9 Ways to Deal With Robocalls

May 5, 2017 by Mike Sauter

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According to the Federal Communications Commission, 2.4 billion automated marketing calls are made every month, the equivalent of the more than seven for every American. These computerized marketing calls, or “robocalls,” are the most common source of complaints to the FCC.

These are not just inconvenient and annoying calls made by legitimate companies engaging in aggressive marketing. In fact, many robocalls are made by criminals looking to manipulate, lie, and steal from those on the other side of the line.

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The Better Business Bureau, a nonprofit consumer advocacy group, has for some time tracked the evolution of practices and scams perpetrated by robocallers. The BBB and other groups have a number of suggestions — most of which are quite simple — for ways to handle and avoid these calls.

Click here to see nine ways to deal with robocalls.

Some of the solutions to robocalls are extremely simple. Not sharing your number with businesses unless absolutely necessary is one solution, and simply ignoring unknown or unlisted numbers is another.

The Federal Trade Commision established on June 27, 2003 the National Do Not Call Registry. Calling or going online and registering one’s phone number makes it illegal for businesses to make unsolicited calls to that number. As of the end of last year, there were more than 220 million American phone numbers registered.

While some are tempted to get revenge on telemarketers by giving misinformation or dragging the call out, these strategies accomplish very little, particularly in the case of robocalls. According to the BBB, speaking on the phone to a robocaller or pressing buttons can indicate that there is a person who picks up calls attached to your number, potentially increasing the volume of future calls.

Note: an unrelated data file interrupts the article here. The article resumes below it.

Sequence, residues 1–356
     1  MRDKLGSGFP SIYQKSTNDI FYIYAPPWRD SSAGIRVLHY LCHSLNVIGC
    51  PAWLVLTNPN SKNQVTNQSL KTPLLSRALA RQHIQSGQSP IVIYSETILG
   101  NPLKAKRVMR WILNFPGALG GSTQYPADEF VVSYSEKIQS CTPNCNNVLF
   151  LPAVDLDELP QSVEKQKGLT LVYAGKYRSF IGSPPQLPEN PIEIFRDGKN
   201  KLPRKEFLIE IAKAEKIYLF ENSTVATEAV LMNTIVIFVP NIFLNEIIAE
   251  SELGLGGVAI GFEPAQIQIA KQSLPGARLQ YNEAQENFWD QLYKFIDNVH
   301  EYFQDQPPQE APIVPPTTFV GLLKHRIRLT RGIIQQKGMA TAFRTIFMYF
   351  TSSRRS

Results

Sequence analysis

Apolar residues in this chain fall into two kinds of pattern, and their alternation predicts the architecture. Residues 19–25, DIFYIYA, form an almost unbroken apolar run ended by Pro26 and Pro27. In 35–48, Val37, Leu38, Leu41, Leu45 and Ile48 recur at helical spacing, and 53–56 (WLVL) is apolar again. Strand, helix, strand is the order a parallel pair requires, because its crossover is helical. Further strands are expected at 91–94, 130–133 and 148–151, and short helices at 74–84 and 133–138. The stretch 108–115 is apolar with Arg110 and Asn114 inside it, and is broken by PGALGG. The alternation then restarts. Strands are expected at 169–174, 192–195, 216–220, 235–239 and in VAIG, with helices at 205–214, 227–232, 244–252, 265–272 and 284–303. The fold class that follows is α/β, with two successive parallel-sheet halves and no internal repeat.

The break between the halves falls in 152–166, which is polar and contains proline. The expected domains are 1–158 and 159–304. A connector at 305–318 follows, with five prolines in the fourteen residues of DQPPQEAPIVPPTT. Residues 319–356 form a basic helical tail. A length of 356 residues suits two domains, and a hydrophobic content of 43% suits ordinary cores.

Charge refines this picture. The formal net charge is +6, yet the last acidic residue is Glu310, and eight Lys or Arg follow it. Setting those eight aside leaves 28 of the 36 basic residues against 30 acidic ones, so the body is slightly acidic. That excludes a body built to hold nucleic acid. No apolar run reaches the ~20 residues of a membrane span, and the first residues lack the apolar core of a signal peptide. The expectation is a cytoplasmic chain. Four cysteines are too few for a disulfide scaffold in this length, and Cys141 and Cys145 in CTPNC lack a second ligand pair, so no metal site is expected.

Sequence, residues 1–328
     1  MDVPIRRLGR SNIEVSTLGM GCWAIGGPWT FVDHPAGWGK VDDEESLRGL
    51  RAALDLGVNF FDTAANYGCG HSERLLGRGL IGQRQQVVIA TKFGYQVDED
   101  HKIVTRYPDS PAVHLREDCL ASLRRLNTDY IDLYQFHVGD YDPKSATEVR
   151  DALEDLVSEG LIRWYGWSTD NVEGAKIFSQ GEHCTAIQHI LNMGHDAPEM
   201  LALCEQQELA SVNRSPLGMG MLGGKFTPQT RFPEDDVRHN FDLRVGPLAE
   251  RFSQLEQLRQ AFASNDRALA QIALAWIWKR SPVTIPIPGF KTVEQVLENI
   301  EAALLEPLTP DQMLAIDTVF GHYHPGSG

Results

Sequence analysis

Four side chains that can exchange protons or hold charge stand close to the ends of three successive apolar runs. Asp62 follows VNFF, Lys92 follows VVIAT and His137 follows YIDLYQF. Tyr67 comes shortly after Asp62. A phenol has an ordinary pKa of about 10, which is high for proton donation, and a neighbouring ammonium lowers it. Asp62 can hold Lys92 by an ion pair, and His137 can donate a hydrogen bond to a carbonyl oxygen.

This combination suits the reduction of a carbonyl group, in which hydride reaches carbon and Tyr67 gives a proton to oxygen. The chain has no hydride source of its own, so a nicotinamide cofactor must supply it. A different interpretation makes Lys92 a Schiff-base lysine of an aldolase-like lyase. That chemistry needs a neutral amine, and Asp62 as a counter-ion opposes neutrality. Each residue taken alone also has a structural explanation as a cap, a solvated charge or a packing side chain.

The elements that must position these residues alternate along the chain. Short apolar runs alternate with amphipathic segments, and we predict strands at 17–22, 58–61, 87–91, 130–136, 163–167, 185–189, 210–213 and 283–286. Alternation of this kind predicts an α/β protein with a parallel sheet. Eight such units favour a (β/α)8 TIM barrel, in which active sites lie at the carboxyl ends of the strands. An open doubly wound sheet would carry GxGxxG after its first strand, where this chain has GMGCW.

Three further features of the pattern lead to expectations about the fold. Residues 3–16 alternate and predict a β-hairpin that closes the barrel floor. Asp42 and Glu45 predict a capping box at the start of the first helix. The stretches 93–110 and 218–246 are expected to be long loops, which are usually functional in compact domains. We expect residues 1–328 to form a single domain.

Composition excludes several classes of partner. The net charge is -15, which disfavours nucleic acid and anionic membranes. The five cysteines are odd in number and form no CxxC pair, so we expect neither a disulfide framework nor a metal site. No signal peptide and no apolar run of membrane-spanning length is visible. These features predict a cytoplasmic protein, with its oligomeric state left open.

These are the nine best ways of dealing with robocalls.

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1. Only share your number when necessary

Sharing your phone number when signing up for a service or account is not always mandatory. Companies will often explicitly state that they will not share your number with third parties, but this is not always the case. Even if a company doesn’t share your information with a third party, they can still call you directly.

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2. Ask companies not to call you

If a company you do business with has your number, they may be legally allowed to call you for marketing reasons. In these cases, contact the company directly and ask them not to call you with matters unrelated to your account.

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3. Hang up immediately

While you might be tempted to tell off whatever service is calling you at dinnertime, robocalls cannot be reasoned with. Further, new scams have emerged that record their target’s voice. The scams use robocalls to ask “can you hear me?” and then record the victims’ responses. Recordings of “yes” answers are used to book services. Scammers will then demand payment, threatening legal action. If you pick up the phone and discover an unwanted or unknown caller, you should hang up immediately.